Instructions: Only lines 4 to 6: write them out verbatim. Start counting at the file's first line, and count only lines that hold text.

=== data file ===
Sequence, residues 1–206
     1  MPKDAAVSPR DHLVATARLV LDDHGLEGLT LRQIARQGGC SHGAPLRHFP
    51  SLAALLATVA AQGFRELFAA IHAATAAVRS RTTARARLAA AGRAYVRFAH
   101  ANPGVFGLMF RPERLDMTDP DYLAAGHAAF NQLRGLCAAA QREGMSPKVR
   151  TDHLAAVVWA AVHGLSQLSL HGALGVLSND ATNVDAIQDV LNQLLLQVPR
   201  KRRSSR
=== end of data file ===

   101  ANPGVFGLMF RPERLDMTDP DYLAAGHAAF NQLRGLCAAA QREGMSPKVR
   151  TDHLAAVVWA AVHGLSQLSL HGALGVLSND ATNVDAIQDV LNQLLLQVPR
   201  KRRSSR